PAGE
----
The categories in the statements are their Subjects and their Predicates [P].

Let S = numbers that are even primes, excluding 2

Let P = numbers that are [evenly] divisible by 5.

Then the options become

[1] All S is P

[2] Some S is P

[3] No S is P

It's been noted that S has no members. S is an empty set.

That means we have to eliminate [2]. Why?

In Boolean logic, the categorical proposition Some S is P carries the assertion that S has at least one member.

That is, in Boolean logic, the word Some means at least one.

Logicians call this "existential import" [EI].

But [1] and [3] are OK.

"All" and "None" do not assert the existence of even one member of the category. They don't have EI.

It makes logical sense to say

[1] All five-headed women have two toes.

[3] No five-headed women have two toes.

Why do these statement make sense? Because their logically contradictory statements are false.

[1a] Some five-headed women do not have two toes. This is false because of EI.

[3a] Some five-headed women do have two toes. This is also false because of EI.

Originally, I thought I could exclude [3] by saying "None" meant "Not one"

and then asserting that "Not one" implied there was at least one, simply

Nah ... upon reflection, can't do that.

So my picks are ... [1] and [3] - equally sensible.

Hmmm....

Ok; so there is a finite number of numbers.

No biggie, I guess.

After all, there is also only a finite number of textbooks to be re-written.

15. ### Another oldie - can you get them all?

3 7 Wonders of the World

5 66 Books of the Bible

9 39 Books of the Old Testament

10 5 Toes on a Foot [?]

11 90 Degrees in a Right Angle

13 32 is the Temperature in Degrees Farenheit at which Water Freezes

16 100 Cents in a Dollar

18 12 Months in a Year

21 29 Days in February in a Leap Year

22 27 Books in the New Testament

32 1000 Years in a Millenium

That leaves ....

7 13 S in the U S F

12 3 B M (S H T R)

14 15 P in a R T

15 3 W on a T

17 11 P in a F (S) T

19 13 is U F S

24 13 L in a B D

26 9 L of a C

28 23 P of C in the H B

29 64 S on a C B

30 9 P in S A

31 6 B to an O in C

33 15 M on a D M C

16. ### 75 Bands

I thought it looked like Monterey CA's Lone Cypress tree.

Maybe not. One Tree Hill fits also.

17. ### Puzzle

It's not something from the original Zork, cave, is it? XYZZY!!?

18. ### No clue ...

Sure. I'm still clueless and feeling badly because of it.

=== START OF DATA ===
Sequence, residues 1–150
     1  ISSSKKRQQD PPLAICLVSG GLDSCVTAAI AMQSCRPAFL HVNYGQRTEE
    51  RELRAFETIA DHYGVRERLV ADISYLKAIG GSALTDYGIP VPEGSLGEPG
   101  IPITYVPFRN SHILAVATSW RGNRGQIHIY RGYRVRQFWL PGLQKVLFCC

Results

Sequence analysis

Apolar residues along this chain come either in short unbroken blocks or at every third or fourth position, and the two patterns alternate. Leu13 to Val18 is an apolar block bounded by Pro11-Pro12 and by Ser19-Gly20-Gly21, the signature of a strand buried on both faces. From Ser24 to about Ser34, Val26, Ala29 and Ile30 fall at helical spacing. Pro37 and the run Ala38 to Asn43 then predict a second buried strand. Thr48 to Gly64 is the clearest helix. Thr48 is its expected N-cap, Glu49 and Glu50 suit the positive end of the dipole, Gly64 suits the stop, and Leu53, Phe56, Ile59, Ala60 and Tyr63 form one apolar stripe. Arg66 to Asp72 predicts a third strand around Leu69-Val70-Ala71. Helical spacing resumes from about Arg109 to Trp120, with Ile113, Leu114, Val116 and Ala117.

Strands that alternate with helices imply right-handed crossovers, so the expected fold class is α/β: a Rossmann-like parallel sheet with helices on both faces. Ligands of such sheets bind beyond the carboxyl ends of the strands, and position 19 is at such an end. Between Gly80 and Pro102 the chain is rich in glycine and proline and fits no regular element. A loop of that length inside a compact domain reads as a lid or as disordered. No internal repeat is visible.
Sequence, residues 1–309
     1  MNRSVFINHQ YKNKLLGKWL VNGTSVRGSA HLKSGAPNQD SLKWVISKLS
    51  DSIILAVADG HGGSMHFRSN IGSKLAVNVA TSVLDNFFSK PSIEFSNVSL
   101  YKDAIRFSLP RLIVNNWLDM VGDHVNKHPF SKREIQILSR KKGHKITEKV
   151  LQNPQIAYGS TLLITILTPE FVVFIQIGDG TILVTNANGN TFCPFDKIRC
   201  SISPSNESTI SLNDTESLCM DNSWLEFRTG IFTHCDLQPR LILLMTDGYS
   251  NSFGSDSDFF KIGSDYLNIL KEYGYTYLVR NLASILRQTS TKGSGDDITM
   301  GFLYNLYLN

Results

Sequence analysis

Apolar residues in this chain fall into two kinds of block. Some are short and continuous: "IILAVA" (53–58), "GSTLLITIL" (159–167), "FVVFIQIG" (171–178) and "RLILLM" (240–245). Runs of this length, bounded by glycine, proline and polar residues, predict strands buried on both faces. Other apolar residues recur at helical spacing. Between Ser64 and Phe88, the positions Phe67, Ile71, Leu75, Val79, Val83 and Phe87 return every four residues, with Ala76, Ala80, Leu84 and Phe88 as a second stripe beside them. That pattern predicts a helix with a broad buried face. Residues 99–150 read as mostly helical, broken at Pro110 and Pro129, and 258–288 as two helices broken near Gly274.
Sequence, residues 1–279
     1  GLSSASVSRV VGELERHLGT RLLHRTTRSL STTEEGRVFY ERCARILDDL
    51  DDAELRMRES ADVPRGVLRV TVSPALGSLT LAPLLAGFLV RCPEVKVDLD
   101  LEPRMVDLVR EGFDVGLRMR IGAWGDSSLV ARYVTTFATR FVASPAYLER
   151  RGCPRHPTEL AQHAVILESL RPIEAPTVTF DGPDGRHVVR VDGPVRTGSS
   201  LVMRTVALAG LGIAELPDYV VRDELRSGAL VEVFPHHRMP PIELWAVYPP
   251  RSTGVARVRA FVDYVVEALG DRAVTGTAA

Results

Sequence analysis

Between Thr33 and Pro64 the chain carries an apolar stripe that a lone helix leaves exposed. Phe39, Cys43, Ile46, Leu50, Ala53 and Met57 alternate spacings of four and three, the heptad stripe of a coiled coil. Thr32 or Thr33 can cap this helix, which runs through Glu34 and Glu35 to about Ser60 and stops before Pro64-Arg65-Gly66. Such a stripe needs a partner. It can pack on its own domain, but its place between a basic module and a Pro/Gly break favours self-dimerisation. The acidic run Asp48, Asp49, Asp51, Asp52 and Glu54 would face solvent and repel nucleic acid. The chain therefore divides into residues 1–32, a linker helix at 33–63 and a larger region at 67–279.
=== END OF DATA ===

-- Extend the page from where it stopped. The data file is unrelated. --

19. ### No clue ...

Found this while rummaging around for new stuff.

Haven't seen it before, and don't have a clue.

1 - Fresh fish and lamb from Korea

2 - Korean literature from the same church leader

3 - A wild bonfire

4 - Freddy the Queen

5 - The other missile in the cuban crisis

6 - It started with a riff, the one from Pinball Wizard

7 - Large addition to Stewart Copeland's drumkit

What are these seven things and why? what do they represent in the order persented?

20. ### Another oldie - can you get them all?

1 26 L of the A

2 7 D of the W

3 7 W of the W

4 12 S of the Z

5 66 B of the B

6 52 C in a P (W J)

7 13 S in the U S F

8 18 H on a G C

9 39 B of the O T

10 5 T on a F

11 90 D in a R A

12 3 B M (S H T R)

13 32 is the T in D F at which W F

14 15 P in a R T

15 3 W on a T

16 100 C in a D

17 11 P in a F (S) T

18 12 M in a Y

19 13 is U F S

20 8 T on an O

21 29 D in F in a L Y

22 27 B in the N T

23 365 D in a Y

24 13 L in a B D

25 52 W in a Y

26 9 L of a C

27 60 M in an H

28 23 P of C in the H B

29 64 S on a C B

30 9 P in S A

31 6 B to an O in C

32 1000 Y in a M

33 15 M on a D M C

21. ### 75 Bands

Oops, 66 repeats 21.

I'll contribute one to keep the count right,

71. The Cranberries [lower right]

[url:a670f]http://www.cranberries.com/

22. ### 75 Bands

56. The Vines (just below 50cent)

57. Spoon (far right)

58. Eminem?? (bottom center)

59. Jet (Up and center)

60. The BeeGees! (the one below U2! lovit!)

Numbering glitch's offerings, to keep the count.

I think this is right so far.

61. Nine Inch Nails [beneath m&m's]

62. The Postal Service [which was mentioned before but not numbered] check it out:

23. ### more prime thoughts

I would take issue with the defenses put forth so far.

In fairness, tho, I have changed my mind as to which answer I would defend.

Today, these clues; tomorrow, my picks.

[1] Existential import.

[2] Boolean logic - as opposed to Aristotelian logic.

24. ### Numbers in Tables (Reward US \$ 70)

Quite a tall order Steven,

Short of stacking the numbers in a 3-dimensional array and having

a way of highlighting the numbers in sequence and looking for

patterns, I don't have a suggestion.

Not interested in the reward ... finding answers is more fun.

Good luck.